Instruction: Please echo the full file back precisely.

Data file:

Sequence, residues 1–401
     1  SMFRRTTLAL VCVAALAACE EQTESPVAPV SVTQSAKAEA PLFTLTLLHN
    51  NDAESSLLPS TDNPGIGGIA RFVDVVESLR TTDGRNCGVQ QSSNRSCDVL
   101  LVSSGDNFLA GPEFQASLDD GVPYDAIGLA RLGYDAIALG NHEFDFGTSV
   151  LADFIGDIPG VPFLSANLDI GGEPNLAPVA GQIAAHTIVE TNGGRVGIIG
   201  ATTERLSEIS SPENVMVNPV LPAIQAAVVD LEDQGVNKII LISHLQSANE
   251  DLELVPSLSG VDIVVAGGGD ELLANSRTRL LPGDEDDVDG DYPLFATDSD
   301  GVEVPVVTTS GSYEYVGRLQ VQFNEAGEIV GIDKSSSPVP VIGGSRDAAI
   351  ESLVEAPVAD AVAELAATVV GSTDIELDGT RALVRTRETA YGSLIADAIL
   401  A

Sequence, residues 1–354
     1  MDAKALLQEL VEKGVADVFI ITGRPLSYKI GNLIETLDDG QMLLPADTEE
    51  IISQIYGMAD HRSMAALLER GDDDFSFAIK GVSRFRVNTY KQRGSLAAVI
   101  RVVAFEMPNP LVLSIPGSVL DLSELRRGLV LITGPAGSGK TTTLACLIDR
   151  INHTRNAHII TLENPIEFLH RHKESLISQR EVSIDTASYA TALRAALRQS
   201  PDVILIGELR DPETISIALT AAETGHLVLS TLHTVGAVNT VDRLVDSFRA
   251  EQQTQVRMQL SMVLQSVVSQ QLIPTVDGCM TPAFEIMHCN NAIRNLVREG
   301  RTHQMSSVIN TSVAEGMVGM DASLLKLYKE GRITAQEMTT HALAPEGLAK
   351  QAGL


Sequence, residues 1–401
     1  SMFRRTTLAL VCVAALAACE EQTESPVAPV SVTQSAKAEA PLFTLTLLHN
    51  NDAESSLLPS TDNPGIGGIA RFVDVVESLR TTDGRNCGVQ QSSNRSCDVL
   101  LVSSGDNFLA GPEFQASLDD GVPYDAIGLA RLGYDAIALG NHEFDFGTSV
   151  LADFIGDIPG VPFLSANLDI GGEPNLAPVA GQIAAHTIVE TNGGRVGIIG
   201  ATTERLSEIS SPENVMVNPV LPAIQAAVVD LEDQGVNKII LISHLQSANE
   251  DLELVPSLSG VDIVVAGGGD ELLANSRTRL LPGDEDDVDG DYPLFATDSD
   301  GVEVPVVTTS GSYEYVGRLQ VQFNEAGEIV GIDKSSSPVP VIGGSRDAAI
   351  ESLVEAPVAD AVAELAATVV GSTDIELDGT RALVRTRETA YGSLIADAIL
   401  A

Sequence, residues 1–354
     1  MDAKALLQEL VEKGVADVFI ITGRPLSYKI GNLIETLDDG QMLLPADTEE
    51  IISQIYGMAD HRSMAALLER GDDDFSFAIK GVSRFRVNTY KQRGSLAAVI
   101  RVVAFEMPNP LVLSIPGSVL DLSELRRGLV LITGPAGSGK TTTLACLIDR
   151  INHTRNAHII TLENPIEFLH RHKESLISQR EVSIDTASYA TALRAALRQS
   201  PDVILIGELR DPETISIALT AAETGHLVLS TLHTVGAVNT VDRLVDSFRA
   251  EQQTQVRMQL SMVLQSVVSQ QLIPTVDGCM TPAFEIMHCN NAIRNLVREG
   301  RTHQMSSVIN TSVAEGMVGM DASLLKLYKE GRITAQEMTT HALAPEGLAK
   351  QAGL